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THE LOWDOWN: Well, who can I turn to?

Richard Hoad

THE LOWDOWN: Well, who can I turn to?

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Who can I turn to when nobody needs me? My heart wants to know and so I must go where destiny leads me. With no star to guide me and no one beside me, I’ll go on my way and after the day, the darkness will hide me – Dusty, Shirley, Andy and others.
I once had an altercation with a typist over a technical matter. Until she cut me down to size with: “Mr Hoad, I did a course in typewritering!” End of story.
I never did a course in typewritering nor, sad to say, in columnwritering. Which is why even today I struggle to decide how far you can go in a column.
Of course, there’s little likelihood that you will go too far. Your column has to pass through a battalion of super-editors, editors, sub-editors, legal beagles, style supervisors and the fellow who empties the waste-baskets before it will see the light of day.
But by then it’s too late. They’ve chopped out the offending parts or pulled you entirely. After false-starting once, you don’t risk anything again.
I figure your editor is boss and the one to please. And I try, from their writings, to find out pet likes and dislikes of my editors and whether they are Bees or Dees.
Alas, they often change Weekend Nation editors more often than I do underwear, sometimes three times in two months. Recently, I was sucking up to Ricky Jordan only to discover weeks later that Sanka Price had replaced him.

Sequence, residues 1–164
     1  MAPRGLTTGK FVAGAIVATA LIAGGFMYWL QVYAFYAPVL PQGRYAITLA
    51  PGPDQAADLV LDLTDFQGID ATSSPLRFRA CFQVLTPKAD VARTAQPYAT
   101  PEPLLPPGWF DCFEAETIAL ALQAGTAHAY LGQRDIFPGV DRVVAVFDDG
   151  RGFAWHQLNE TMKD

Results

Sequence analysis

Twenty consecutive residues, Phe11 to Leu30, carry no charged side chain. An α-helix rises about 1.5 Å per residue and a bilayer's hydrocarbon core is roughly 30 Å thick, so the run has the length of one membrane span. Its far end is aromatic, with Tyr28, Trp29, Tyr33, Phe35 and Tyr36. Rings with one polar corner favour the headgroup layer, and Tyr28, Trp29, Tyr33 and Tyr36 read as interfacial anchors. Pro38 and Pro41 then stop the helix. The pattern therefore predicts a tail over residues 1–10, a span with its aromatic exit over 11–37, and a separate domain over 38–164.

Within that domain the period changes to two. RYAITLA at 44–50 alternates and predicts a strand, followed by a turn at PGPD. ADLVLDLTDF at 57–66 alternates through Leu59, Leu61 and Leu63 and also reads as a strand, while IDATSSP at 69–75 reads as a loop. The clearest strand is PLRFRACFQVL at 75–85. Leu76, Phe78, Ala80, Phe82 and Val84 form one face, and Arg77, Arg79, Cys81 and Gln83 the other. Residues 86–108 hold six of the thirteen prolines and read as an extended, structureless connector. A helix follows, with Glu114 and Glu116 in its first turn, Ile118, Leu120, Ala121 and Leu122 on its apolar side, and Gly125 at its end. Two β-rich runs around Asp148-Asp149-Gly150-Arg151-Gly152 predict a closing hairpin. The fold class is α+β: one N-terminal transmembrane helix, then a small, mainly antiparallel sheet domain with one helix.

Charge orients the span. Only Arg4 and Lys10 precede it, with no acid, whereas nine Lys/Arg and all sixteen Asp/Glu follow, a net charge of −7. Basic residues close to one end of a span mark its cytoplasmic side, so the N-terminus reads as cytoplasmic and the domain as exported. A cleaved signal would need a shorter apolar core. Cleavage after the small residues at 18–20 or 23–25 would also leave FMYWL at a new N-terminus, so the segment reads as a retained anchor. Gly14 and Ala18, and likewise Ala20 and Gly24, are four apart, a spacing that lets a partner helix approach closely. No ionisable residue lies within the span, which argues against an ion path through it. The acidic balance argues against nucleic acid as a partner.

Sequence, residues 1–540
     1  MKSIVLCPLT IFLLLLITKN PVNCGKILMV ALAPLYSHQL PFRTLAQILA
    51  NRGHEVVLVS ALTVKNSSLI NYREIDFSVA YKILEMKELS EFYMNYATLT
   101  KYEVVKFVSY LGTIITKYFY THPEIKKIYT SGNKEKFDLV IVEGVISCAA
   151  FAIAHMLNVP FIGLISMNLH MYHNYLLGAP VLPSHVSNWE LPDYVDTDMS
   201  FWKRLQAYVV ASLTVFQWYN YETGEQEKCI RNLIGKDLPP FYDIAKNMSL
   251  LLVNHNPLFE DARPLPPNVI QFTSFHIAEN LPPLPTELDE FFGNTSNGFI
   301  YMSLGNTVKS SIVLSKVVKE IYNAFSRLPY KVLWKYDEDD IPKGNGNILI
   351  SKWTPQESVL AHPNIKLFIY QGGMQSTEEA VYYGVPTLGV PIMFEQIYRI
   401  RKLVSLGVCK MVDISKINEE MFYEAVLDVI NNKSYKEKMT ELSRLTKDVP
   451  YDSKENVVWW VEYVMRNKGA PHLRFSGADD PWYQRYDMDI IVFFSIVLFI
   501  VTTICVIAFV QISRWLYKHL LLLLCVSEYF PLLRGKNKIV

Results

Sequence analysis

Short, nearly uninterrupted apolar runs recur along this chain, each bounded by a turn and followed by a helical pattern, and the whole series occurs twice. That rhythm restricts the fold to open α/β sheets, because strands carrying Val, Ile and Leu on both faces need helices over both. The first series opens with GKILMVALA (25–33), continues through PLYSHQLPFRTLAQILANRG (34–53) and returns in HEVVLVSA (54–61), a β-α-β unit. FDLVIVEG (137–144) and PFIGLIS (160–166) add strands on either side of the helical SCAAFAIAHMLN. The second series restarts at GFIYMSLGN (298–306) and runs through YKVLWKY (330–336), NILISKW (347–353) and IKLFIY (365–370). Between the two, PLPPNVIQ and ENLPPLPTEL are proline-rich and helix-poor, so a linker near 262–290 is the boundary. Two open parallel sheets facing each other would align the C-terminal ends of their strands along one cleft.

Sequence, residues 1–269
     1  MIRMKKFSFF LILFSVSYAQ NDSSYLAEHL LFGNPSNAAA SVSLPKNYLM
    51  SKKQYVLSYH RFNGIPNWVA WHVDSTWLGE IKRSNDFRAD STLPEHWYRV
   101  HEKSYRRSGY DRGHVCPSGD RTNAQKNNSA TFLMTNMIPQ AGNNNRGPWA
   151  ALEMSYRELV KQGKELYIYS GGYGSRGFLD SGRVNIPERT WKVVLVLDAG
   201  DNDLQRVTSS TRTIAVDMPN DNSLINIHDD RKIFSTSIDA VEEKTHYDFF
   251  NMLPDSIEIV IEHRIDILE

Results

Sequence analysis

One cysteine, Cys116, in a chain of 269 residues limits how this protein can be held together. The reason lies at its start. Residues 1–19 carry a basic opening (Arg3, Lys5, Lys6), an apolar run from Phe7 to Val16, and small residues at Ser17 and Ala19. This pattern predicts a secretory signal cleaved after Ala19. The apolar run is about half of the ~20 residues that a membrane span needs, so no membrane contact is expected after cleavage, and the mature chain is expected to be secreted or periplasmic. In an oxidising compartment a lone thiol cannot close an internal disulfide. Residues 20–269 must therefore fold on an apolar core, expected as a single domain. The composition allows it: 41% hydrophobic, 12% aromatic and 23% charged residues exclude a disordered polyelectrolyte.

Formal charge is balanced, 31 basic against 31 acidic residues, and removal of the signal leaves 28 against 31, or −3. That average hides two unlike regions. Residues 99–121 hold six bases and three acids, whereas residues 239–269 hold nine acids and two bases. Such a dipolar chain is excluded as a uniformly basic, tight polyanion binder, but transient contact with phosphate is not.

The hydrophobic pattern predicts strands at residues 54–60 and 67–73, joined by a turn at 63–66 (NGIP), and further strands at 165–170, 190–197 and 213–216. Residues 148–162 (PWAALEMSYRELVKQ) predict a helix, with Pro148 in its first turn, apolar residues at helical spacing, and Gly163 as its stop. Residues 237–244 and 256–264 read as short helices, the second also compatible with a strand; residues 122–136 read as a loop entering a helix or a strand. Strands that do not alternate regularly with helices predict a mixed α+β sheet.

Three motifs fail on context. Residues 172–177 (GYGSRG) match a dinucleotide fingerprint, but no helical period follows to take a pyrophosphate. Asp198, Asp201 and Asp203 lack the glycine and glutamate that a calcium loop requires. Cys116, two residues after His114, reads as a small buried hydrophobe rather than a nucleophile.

I worry about Sanka. He does this lurid, steamy I Confess column where people describe their intimate pornographies. Like, a fellow was telling him recently about a horn.
The girlfriend gave him a sleeping tablet (he’s recovering from an accident) but he didn’t take it. Bad mistake, always take your medication. He went out to find her and a cousin copulating furiously: “All I could do was stare at their sweaty, naked bodies”. Can Sanka remain detached with such detail?
I realised long ago no woman would ever want me for my own sake. But if a girl’s boyfriend was say, overseas, I would get her talking mushy about how she misses him. And then ask: “If he was here now, would he be nibbling your toes (earlobes, belly button) like this?” And she would say, “No, like this!”
And before you knew it, I had taken his place. It’s called “propinquity”, meaning “nearness”.
I was there; he wasn’t. Pathetic, but it works.
But can the ladies and Sanka handle all that propinquity?
Now a beloved former editor, Antoinette Connell, has put me in more trouble. She was perhaps the most hands-on of them all. And made us supply an email address where we can be reached. It’s like telling an assailant which lonely road you pass late at night so he can put licks in you.
Not really. Most so far have been nice. But then you get a really troubling one.
This came from someone who has suffered a great personal tragedy and who by all accounts is getting a rough deal from the powers that be.
I couldn’t mention anything so in a column but whom could I turn to to highlight the situation?  
That’s when it struck me. We in Barbados care little about integrity legislation. In the first place, there is no corruption in Barbados. No policemen are in bed with the media, politicians or businessmen. No one takes bribes to award contracts. No one gets a little something for approving a land development or changing a water zone.
Secondly, we don’t believe that, even if there was corruption, anyone is going to be convicted.
So whom can a citizen turn to if he’s getting the dirty end of the stick?
A newspaperman, a politician, a senior police officer, the ombudsman (if we still have one), Amnesty International? I don’t know.
Actually, I do. Richard Goddard. Richard has the guts to fight any battle he believes in no matter what the personal cost – Greenland, Brittons Hill, old graves, old roads.
He’s had health challenges recently. May God fully restore him for we sure need him.
Richard Hoad is a farmer and social commentator.